The best book on grief I have ever read is non-fiction, by Gerald L. Sittser--A Grace Disguised. The title alone is powerful. Sittser lost his mother, wife, and one daughter in a car accident he survived. The drunk driver who hit his car robbed him of three generations of women instantaneously. I cannot fathom that kind of grief. But his description of what he went through brought healing to me after my own sweet dad died in 1996. I have recommended his book to many others, and bought several copies to give to those in the throes of grief. I remember one passage in particular--he writes an analogy about the necessity to go through the darkness (the grief) to get to the light (the healing). Read along here as he describes his dream:
I dreamed of a setting sun. I was frantically running west, trying desperately to catch it and remain in its fiery warmth and light. But I was losing the race. The sun was beating me to the horizon and was soon gone. I suddenly found myself in the twilight. Exhausted, I stopped running and glanced with foreboding over my shoulder to the east. I saw a vast darkness closing in on me. I was terrified by that darkness. I wanted to keep running after the sun, though I knew that it was futile, for it had already proven itself faster than I was. So I lost all hope, collapsed to the ground, and fell into despair... my sister, Diane, told me that the quickest way for anyone to reach the sun and the light of day is not to run west, chasing after the setting sun, but to head east, plunging into the darkness until one comes to the sunrise. (Sittser 33)What a powerful image. I continue to dwell on that as I grieve the losses in my life. A friend of his mentioned a poem by John Donne in which he describes east and west as opposites which come together if one is followed far enough. In case you're curious, here is the poem by John Donne:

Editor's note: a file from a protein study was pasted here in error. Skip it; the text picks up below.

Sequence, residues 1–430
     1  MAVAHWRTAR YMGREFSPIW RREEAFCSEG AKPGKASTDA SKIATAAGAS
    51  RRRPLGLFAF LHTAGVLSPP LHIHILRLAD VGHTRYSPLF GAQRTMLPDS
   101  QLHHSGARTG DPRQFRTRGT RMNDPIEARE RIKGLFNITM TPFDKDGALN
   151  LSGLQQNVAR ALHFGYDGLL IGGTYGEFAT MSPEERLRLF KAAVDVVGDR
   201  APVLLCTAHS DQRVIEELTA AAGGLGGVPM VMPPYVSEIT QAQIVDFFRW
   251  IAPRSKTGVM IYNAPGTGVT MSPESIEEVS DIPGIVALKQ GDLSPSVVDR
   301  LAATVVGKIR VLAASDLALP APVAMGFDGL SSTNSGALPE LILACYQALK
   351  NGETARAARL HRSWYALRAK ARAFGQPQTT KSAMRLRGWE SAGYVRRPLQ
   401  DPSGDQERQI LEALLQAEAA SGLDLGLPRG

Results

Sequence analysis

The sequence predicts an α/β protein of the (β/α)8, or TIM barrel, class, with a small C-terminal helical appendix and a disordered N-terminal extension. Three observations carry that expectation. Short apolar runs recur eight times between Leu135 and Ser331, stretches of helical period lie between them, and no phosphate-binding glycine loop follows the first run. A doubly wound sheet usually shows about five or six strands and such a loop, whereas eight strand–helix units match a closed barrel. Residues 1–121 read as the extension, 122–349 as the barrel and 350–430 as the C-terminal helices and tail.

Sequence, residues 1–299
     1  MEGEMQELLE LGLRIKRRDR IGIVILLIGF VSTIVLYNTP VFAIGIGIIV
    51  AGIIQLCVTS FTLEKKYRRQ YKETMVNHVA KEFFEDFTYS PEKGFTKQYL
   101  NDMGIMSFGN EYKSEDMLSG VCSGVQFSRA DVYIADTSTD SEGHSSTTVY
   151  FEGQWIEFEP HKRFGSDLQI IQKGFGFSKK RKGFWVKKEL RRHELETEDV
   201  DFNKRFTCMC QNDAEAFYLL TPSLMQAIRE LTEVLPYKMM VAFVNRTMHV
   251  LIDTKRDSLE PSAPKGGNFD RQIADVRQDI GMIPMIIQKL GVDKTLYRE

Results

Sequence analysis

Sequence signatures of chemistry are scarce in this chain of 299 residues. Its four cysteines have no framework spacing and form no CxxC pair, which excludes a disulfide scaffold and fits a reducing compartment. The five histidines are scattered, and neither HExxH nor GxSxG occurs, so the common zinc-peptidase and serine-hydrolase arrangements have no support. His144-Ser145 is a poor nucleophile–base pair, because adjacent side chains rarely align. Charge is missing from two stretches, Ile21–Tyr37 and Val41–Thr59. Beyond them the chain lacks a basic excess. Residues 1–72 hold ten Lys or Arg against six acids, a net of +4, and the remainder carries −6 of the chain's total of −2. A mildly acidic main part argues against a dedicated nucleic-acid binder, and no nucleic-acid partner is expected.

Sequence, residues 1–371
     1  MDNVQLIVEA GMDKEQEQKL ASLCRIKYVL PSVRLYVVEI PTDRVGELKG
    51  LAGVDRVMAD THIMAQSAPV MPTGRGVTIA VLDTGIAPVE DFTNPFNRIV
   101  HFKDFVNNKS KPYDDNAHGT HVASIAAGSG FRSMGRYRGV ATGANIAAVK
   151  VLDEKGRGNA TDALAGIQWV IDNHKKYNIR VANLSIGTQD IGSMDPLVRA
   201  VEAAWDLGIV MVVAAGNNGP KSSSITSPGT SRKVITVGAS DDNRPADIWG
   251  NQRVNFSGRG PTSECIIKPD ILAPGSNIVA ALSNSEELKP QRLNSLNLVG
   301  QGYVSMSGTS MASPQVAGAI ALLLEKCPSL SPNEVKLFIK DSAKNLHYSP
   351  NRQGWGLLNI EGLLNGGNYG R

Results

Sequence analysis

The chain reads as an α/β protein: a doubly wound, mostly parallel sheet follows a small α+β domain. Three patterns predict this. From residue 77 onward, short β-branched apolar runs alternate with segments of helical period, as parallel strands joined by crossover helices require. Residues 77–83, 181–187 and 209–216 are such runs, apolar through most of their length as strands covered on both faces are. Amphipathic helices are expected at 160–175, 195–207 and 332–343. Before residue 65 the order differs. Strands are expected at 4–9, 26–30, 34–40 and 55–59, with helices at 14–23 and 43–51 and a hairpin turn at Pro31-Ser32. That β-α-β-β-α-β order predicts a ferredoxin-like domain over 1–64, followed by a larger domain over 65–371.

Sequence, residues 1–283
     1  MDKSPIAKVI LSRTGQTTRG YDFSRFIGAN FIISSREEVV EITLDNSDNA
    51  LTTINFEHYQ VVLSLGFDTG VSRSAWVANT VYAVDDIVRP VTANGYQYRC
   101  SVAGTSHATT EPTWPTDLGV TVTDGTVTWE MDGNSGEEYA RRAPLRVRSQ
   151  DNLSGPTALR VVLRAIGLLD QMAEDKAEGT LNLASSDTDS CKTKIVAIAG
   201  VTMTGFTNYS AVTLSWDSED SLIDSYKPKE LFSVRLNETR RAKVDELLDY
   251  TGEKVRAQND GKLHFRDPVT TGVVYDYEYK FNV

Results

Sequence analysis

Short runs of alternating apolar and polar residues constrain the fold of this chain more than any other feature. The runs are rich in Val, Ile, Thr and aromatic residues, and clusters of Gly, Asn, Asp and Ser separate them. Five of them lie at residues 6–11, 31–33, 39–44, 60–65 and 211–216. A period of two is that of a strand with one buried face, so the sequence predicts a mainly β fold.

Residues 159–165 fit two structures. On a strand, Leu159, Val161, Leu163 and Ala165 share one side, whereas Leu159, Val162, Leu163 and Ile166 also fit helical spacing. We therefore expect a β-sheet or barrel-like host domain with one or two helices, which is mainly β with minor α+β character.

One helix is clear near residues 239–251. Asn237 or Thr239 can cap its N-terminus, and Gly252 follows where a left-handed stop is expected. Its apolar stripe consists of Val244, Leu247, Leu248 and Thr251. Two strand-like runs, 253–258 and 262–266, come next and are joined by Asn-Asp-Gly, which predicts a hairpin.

Hymn to God, My God, in My Sickness
By John Donne
Since I am coming to that holy room,
Where, with thy choir of saints for evermore,
I shall be made thy music; as I come
I tune the instrument here at the door,
And what I must do then, think here before.
Whilst my physicians by their love are grown
Cosmographers, and I their map, who lie
Flat on this bed, that by them may be shown
That this is my south-west discovery,
Per fretum febris, by these straits to die,
I joy, that in these straits I see my west;
For, though their currents yield return to none,
What shall my west hurt me? As west and east
In all flat maps (and I am one) are one,
So death doth touch the resurrection.
Is the Pacific Sea my home? Or are
The eastern riches? Is Jerusalem?
Anyan, and Magellan, and Gibraltar,
All straits, and none but straits, are ways to them,
Whether where Japhet dwelt, or Cham, or Shem.
We think that Paradise and Calvary,
Christ's cross, and Adam's tree, stood in one place;
Look, Lord, and find both Adams met in me;
As the first Adam's sweat surrounds my face,
May the last Adam's blood my soul embrace.
So, in his purple wrapp'd, receive me, Lord;
By these his thorns, give me his other crown;
And as to others' souls I preach'd thy word,
Be this my text, my sermon to mine own:"Therefore that he may raise, the Lord throws down."
Stay turned for more on describing grief in my next blog post. Please share with me an especially apt description of grief you have read, or written!